You hear that? It’s the sound of sweet, sweet silence. It’s that beautiful nothingness that can allow you to avoid distractions, both in private and in public. That’s the entire appeal of noise-canceling earbuds, and Samsung’s new Galaxy Buds 2 Pro nail that aspect harder than any Samsung ‘buds that came before.
At $230, the Galaxy Buds 2 Pro are definitely on the pricier side of the wireless earbuds spectrum, but strong audio quality and stronger active noise cancelation might just make these the earbuds to get for Samsung fanatics.
Credit: Kyle Cobain / Mashable
The Galaxy Buds 2 Pro physically resemble last year’s Galaxy Buds 2 more than anything else, with a few key differences. Available in three colors (graphite, white, and bora purple), they’re still egg-shaped earbuds with a silicone tip to plug right into your ear canal. But one major change has upgraded the fit and comfort significantly this time around.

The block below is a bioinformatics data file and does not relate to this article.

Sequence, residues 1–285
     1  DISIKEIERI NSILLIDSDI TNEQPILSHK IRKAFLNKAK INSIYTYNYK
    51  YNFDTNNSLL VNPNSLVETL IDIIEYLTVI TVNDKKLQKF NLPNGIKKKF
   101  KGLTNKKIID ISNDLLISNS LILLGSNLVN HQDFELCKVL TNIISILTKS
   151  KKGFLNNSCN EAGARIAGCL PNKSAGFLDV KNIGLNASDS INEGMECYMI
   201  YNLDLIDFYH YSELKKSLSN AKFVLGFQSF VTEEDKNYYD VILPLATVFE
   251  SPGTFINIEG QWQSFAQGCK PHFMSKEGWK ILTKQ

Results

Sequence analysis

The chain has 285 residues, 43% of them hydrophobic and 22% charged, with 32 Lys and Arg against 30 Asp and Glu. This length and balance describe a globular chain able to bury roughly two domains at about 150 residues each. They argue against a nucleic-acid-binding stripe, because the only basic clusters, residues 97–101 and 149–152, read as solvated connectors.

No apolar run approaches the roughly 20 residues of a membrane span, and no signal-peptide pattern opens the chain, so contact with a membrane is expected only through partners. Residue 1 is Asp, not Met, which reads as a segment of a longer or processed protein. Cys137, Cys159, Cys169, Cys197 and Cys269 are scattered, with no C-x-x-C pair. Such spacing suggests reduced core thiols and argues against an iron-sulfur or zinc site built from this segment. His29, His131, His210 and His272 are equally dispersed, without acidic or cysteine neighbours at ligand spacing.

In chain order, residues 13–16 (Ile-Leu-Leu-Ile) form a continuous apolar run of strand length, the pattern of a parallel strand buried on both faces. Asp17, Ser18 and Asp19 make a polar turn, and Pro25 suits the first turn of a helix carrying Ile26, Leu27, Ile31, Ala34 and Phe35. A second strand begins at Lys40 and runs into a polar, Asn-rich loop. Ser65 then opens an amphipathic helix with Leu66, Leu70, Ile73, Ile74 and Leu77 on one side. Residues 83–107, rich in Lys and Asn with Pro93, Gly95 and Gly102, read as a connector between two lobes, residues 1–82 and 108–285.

A chunk of the “egg” shape has been torn out on the inner side of the earbud’s body and replaced with a vertical ridge. This serves the same fit-securing purpose as a rubber stabilizer on other earbuds, like the Beats Fit Pro. At first, I thought it was an odd choice, but just a few minutes with the Galaxy Buds 2 Pro in my ears confirmed that it was the correct one. These are supremely comfortable for hours at a time and never threatened to fall out of place in more than a week of constant testing.
Aside from that, the physical form factor of the Galaxy Buds 2 Pro is going to be familiar to anyone who’s used Samsung’s past earbuds. The other changes are subtler, like a 15 percent reduction in size (which surely also helps with the comfort level) and a small vent hole on the inner side underneath the vertical ridge that Samsung says helps with wind flow.